The resulting structure is a unique, customized, inhabitable landscape built entirely from standard off-the-shelf plywood sheets. In the same way that plywood is an assembly of layers of veneer held together by glue, this structure is comprised of layers of plywood shaped by central tension rods, able to support larger loads.
Designers: Yasmin Vobis, Aaron Forrest, Ultamoderne
Architecture Mentor: Andrew Waugh (Waugh Thistleton Architects)
Engineering Mentor: Christopher Carbone (Bensonwood)
Material Supplier: Nordic Engineered Lumber
Four Corners re-imagines the traditional timber-framed New England barn using cross- laminated-timber (CLT). Mimicking the form of traditional barn gables, CLT is folded into complementary triangular shapes or ‘bents’ cut from the corners of a barn-shape primitive and reassembled. Four bents are cantilevered off of a central spine to create a single column assembly. When multiplied to form a field condition, several of these column assemblies are attached together for stability.
Unlike a traditional bent-and-gable structure, which is composed of separate elements such as structural frames, roof, and cladding, Four Corners is composed of a single material, which acts as both the structure and enclosure, allowing the traditional barn form to be turned inside out. For this installation, three interlocking column assemblies come together to form a porous sequence of rooms, corridors, and courtyards.
Designers: Timothy Olson
Architecture Mentor: Alex Anmahian (Anmahian Winton Architects)
Engineering Mentor: Matt Johnson (Simpson Gumpertz + Heger)
Material Supplier: Fraserwood
One of the biggest challenges in tall mass-timber construction is end-to-end connections between structural elements. This is because wood is strong in the direction of the grain but weak in the cross direction. In addition, the volume of wood required for tall wood construction needs to be effectively distributed to resist lateral and vertical loads.
The Coopered Column addresses these challenges by expanding the cross section of a post in a typical post and beam structural system and turning it into a hollow tube, or ‘mega-column’. By lapping timbers vertically along the face-grain and connecting them circumferentially with rings of diagonally oriented timber screws (as in the coopers of a barrel), the many pieces of wood come together to form a continuous structural tube. The structure can be assembled on-site.
For this installation, a cylindrical mega-column is transformed into a cone and cut at an oblique angle. The resulting asymmetrical cantilevered form uses gravity to simulate vertical and lateral loads that would be imposed in an actual building. The form also demonstrates spatial and programmatic possibilities.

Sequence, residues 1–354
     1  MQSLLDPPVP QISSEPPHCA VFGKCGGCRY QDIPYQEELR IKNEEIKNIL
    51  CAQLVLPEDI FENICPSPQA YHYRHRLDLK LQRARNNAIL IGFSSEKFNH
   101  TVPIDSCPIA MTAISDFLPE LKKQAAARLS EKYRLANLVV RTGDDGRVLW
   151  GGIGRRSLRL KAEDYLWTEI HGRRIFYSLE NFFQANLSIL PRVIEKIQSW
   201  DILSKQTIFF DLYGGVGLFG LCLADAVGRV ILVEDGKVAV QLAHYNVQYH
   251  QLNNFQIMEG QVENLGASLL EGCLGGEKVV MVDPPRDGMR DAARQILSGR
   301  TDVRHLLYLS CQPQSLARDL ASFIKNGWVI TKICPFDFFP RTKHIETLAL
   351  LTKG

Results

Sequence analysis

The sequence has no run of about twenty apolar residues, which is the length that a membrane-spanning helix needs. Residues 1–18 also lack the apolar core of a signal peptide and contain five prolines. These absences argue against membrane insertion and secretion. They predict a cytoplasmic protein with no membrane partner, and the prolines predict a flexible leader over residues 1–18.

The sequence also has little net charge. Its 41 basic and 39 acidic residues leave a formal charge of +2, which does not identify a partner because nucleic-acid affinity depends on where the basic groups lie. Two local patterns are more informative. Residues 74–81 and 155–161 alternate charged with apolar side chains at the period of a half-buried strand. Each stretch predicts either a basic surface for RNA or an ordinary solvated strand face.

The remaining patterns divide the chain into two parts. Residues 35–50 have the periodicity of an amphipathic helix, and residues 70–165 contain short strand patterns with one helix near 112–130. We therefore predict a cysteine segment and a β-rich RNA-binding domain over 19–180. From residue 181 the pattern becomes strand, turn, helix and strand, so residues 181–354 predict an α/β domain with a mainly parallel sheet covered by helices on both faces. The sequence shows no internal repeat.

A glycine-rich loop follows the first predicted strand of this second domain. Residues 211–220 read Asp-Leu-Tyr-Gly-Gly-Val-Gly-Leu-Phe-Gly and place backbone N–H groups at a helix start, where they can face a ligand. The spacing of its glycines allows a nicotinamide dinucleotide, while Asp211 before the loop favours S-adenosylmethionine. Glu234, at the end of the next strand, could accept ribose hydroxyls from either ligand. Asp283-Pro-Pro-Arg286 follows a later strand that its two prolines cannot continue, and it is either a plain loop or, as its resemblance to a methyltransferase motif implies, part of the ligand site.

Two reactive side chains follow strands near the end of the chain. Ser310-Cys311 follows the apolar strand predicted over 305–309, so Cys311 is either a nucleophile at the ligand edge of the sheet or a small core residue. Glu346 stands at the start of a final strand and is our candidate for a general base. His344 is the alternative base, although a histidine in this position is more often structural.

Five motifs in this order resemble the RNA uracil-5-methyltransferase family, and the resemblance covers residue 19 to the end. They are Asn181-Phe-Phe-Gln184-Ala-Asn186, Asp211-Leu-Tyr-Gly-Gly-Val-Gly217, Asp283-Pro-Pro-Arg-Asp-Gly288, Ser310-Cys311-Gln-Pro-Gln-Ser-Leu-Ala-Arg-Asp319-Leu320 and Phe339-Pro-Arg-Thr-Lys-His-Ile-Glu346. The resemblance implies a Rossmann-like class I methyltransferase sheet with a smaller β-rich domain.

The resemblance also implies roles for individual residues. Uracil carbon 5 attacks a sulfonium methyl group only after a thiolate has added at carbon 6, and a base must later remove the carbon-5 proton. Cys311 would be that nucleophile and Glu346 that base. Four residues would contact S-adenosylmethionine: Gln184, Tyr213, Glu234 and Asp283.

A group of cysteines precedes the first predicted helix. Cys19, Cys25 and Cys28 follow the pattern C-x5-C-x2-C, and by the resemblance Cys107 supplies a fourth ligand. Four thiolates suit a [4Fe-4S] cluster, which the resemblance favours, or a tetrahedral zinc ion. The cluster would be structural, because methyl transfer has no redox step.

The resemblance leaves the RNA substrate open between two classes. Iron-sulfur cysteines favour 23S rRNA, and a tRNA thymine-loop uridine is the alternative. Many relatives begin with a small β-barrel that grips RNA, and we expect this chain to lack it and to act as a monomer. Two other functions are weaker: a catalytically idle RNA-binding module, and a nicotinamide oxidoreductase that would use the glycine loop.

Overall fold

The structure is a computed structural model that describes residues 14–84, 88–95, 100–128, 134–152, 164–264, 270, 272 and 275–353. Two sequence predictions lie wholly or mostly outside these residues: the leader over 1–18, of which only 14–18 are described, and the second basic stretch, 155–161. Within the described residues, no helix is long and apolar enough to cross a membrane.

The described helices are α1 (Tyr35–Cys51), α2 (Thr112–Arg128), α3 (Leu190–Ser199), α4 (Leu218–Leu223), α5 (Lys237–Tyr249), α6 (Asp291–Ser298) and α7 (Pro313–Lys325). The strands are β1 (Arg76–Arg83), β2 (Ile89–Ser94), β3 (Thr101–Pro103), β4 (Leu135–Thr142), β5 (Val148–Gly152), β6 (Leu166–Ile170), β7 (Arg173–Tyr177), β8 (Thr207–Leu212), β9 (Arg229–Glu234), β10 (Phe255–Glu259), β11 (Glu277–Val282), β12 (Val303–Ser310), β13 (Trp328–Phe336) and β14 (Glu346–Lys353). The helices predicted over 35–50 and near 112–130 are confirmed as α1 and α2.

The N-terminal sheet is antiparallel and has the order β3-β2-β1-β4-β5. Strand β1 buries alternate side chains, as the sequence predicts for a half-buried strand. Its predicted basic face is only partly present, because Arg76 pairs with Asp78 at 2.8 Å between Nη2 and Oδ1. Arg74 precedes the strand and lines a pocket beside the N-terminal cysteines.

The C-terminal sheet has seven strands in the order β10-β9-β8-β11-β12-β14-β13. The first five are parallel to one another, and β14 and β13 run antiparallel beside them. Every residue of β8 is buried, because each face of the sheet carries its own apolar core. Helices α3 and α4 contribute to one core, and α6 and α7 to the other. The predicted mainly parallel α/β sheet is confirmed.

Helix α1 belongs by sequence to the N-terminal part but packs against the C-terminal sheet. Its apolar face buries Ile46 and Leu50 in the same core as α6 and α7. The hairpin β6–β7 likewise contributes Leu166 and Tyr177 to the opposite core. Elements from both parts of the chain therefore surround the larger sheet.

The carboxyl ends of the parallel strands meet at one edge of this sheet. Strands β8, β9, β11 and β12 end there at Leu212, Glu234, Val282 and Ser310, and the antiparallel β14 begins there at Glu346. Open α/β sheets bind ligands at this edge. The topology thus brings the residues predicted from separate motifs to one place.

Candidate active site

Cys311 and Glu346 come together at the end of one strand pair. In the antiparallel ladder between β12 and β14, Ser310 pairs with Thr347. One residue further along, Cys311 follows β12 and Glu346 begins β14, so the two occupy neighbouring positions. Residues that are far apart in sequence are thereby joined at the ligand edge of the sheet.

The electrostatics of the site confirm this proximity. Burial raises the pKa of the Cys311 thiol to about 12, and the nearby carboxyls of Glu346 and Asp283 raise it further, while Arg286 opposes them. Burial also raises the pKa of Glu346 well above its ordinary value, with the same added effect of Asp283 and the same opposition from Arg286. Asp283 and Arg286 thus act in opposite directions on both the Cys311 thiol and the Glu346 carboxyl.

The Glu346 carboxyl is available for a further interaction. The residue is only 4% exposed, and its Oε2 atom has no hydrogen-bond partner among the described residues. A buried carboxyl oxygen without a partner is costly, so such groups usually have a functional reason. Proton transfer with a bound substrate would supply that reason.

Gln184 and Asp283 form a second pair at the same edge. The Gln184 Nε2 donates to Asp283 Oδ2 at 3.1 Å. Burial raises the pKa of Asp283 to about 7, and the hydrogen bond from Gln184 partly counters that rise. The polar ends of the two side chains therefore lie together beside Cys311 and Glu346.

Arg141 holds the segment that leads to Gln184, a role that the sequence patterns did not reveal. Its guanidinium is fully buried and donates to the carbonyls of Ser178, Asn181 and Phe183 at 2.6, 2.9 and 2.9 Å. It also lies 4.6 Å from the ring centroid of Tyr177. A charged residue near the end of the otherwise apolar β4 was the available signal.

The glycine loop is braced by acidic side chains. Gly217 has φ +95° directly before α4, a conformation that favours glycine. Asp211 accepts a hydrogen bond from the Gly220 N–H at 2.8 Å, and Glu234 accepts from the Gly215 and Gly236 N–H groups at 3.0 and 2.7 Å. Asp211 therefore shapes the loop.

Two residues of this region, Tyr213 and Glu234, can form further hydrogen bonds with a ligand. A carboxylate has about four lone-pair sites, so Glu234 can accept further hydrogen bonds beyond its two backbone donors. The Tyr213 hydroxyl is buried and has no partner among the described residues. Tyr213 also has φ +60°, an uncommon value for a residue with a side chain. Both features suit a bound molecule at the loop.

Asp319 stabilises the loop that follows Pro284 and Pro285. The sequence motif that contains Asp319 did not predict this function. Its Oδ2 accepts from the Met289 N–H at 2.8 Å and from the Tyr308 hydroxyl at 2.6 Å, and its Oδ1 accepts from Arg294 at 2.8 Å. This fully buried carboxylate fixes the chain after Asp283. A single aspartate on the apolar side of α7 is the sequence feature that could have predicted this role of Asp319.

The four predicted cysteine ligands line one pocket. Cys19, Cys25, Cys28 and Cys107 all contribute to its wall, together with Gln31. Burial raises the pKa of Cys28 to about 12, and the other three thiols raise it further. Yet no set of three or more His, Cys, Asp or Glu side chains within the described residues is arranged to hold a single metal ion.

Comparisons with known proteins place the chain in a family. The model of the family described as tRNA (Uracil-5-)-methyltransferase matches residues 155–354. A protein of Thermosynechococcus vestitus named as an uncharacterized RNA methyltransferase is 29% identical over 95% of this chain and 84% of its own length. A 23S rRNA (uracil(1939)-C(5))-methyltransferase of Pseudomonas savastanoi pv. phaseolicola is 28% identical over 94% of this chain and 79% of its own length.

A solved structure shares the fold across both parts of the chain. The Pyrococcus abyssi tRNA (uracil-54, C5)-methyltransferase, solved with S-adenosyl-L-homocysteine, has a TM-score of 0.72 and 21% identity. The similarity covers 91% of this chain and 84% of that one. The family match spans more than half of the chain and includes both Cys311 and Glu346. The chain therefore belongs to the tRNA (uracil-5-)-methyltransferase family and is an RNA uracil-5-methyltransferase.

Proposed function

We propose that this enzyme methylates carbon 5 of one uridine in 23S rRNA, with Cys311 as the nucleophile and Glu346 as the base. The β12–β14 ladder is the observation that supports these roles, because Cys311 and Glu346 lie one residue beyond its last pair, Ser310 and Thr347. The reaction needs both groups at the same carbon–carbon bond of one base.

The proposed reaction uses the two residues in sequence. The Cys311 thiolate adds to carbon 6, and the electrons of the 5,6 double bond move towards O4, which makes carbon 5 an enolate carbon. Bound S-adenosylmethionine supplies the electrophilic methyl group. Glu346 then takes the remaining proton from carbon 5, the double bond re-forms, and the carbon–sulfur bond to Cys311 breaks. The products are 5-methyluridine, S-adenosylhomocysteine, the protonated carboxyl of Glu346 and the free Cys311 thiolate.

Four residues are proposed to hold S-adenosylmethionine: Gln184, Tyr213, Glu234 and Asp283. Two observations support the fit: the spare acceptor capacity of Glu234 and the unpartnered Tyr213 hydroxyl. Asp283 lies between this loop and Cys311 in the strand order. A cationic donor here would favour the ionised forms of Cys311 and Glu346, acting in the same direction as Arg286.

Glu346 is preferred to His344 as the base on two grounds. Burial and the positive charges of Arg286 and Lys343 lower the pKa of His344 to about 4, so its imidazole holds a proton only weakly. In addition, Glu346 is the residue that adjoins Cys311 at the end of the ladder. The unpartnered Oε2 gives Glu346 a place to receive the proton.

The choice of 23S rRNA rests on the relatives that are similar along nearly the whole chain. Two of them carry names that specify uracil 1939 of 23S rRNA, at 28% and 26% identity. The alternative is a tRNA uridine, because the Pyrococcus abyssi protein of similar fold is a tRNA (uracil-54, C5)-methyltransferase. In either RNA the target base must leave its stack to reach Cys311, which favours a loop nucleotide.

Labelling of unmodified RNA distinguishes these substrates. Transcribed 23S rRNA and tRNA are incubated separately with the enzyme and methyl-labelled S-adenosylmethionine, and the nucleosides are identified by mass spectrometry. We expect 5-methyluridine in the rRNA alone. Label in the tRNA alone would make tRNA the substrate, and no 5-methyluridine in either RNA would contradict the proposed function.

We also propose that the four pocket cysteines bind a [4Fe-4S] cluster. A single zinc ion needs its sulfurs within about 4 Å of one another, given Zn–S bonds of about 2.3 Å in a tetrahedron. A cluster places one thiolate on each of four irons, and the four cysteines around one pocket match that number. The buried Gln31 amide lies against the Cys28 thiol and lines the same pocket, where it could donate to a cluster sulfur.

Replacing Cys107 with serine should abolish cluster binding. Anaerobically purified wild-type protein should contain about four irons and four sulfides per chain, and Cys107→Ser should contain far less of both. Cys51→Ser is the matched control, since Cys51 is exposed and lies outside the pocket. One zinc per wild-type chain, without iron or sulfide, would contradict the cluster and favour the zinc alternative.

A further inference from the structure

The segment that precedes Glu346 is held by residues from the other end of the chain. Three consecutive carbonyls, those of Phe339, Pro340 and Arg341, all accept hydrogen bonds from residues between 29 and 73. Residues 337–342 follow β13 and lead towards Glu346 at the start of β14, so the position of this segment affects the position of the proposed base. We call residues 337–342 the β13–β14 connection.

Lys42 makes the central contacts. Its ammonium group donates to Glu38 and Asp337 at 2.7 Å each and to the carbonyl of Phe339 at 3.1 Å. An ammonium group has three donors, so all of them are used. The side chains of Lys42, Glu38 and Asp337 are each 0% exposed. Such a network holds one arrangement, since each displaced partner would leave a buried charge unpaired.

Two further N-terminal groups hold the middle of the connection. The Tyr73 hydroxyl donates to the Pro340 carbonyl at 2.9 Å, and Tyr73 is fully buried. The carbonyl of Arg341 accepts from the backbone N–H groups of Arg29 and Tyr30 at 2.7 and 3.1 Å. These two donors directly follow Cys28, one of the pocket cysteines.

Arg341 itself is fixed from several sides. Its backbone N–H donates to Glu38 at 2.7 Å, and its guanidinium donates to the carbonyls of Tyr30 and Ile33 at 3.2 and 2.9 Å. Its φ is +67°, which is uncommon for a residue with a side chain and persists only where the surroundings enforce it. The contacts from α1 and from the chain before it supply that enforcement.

Designers: Christopher Taurasi, Lexi White and Jeffrey Lee
Architecture Mentor: Alan Organschi (Gray Organschi Architects)
Engineering Mentor: Ben Brungraber (Fire Tower Engineered Timber)
Material Supplier: Una-Lam
Contemporary engineered lumber reduces a massive material into thin sheets, or particles, and reassembles the pieces, gaining additional strength while using less material. Designed by Christopher Taurasi, Lexi White and Jeffery Lee, M2X3 replaces traditional timber framing joinery with a laminated veneer system, merging structure and surface. Recognizing New England’s wood building vernacular while exploring the potential of contemporary engineered lumber, M2X3 has crafted a progressive tectonic system for application in mid-rise construction.
Maximizing on the ability of wood to be used as both a tensile and compressive member; bending tests were conducted to determine timber’s ability to achieve complex curvatures with varying board widths. These tests showed the intensely diverse range of curvature achievable with wood, which are typically not investigated. This range proves engineered wood can diversify framing systems to more precisely adapt to climate constraints and urban site conditions. In addition, there is potential for variety of interior sectional configurations, whereas traditional timber structures rely on a limiting orthogonal post and beam assembly.